There has been one confirmed death associated with the Legionnaires' Disease outbreak in Minnesota.
Doug Schultz – an information officer for the Minnesota Department of Health – says an elderly person who'd been diagnosed with the bacterial infection died.
"We are not saying Legionnaires' caused the death," Schultz says.
Schultz explains that elderly people, and those with weakened immune systems or other underlying health conditions are more likely to develop a severe case of the disease.
"So it is possible that the person who died, besides being elderly, had some other risk factors," according to the information officer.
More cases confirmed
The number of people diagnosed with this severe form of pneumonia is up again.
Just last week, there were nine confirmed cases in Hopkins. As of Thursday, Schultz says there have been 14. Those people sickened by the respiratory infection range in age from their 20s to their 90s.
The Centers for Disease Control and Prevention says the Legionella bacteria – which causes the disease – is mostly spread through contaminated water droplets. So if a hot tub is contaminated and someone breathes in the mist, they could get the disease.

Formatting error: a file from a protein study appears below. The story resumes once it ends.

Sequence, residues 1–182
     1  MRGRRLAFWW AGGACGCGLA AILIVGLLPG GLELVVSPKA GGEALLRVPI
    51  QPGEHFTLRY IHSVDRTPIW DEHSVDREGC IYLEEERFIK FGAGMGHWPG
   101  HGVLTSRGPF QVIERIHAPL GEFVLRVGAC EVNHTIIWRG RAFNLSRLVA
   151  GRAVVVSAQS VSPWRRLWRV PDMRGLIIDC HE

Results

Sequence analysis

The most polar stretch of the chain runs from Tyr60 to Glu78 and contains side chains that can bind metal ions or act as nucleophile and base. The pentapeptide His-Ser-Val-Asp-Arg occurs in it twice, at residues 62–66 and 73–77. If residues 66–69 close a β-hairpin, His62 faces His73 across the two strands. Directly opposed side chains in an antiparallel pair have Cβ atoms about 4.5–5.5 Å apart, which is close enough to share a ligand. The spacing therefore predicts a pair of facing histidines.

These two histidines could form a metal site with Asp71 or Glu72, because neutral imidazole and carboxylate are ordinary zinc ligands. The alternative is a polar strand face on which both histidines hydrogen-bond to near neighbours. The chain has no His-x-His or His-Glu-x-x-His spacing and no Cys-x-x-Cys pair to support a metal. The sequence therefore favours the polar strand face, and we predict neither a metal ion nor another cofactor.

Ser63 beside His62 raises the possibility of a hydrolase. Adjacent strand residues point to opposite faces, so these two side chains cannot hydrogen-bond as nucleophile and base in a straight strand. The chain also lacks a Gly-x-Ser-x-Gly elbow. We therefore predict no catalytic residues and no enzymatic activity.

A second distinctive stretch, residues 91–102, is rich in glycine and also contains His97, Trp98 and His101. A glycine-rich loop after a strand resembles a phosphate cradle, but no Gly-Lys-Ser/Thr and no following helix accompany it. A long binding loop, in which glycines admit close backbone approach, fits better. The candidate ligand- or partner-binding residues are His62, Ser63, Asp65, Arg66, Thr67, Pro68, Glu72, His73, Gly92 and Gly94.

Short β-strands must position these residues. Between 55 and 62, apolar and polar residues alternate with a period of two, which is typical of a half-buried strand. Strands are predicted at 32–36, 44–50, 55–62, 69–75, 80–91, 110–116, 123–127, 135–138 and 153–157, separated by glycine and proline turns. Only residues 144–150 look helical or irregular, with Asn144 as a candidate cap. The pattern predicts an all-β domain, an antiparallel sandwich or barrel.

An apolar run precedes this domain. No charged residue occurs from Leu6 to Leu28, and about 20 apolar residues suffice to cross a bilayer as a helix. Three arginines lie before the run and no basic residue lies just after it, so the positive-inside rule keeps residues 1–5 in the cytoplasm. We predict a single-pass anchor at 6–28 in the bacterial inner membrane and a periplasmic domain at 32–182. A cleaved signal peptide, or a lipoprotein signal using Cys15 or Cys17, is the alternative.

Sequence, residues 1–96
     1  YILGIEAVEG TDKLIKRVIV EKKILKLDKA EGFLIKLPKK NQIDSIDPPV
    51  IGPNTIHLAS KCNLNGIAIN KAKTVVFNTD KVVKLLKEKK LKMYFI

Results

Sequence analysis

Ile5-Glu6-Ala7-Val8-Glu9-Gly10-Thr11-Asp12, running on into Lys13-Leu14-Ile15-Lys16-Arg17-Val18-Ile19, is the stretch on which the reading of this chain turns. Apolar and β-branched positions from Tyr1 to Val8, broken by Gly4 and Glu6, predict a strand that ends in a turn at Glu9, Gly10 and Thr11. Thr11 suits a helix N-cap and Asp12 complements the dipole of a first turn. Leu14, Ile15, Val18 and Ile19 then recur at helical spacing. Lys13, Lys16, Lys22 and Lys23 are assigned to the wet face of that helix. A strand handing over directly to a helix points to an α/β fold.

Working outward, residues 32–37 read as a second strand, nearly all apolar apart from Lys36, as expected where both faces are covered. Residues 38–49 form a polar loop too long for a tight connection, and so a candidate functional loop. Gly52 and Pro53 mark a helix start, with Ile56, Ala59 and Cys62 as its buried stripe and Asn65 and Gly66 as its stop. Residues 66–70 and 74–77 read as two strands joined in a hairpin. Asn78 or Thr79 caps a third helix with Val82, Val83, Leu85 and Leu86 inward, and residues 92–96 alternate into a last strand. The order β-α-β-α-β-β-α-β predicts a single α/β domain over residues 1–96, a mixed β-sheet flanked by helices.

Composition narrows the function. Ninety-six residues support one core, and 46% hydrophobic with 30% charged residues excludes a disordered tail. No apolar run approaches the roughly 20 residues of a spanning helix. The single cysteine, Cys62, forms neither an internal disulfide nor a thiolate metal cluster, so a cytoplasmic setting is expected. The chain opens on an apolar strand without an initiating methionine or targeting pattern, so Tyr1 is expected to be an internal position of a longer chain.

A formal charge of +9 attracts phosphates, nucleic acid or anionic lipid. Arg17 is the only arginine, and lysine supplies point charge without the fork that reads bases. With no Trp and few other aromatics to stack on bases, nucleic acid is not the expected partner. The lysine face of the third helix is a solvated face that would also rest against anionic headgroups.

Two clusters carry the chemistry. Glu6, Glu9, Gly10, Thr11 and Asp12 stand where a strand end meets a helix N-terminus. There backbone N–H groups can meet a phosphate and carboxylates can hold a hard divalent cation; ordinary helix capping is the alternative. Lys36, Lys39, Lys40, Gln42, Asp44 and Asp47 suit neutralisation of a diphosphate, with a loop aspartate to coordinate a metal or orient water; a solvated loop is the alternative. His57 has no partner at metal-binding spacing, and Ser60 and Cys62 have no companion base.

So far, officials don't know exactly what's making people sick.
"We identified a number of possible sources in the few days following identification of the cluster," Schultz explains.
Previously, Schultz said that businesses in the area had agreed to flush their water systems with chlorine to get rid of bacteria.
Legionnaires' disease is a type of pneumonia characterized by fever, chills, headaches, muscle aches, fatigue, shortness of breath, cough, mental confusion, diarrhea, and vomiting, the Health Department says.
It can be treated with antibiotics. The CDC says about 1 in 10 patients with Legionnaires’ disease will die from complications of the illness.
Those at greater risk of getting sick with the disease include people older than 50, smokers, people with lung disease, and those with weakened immune systems.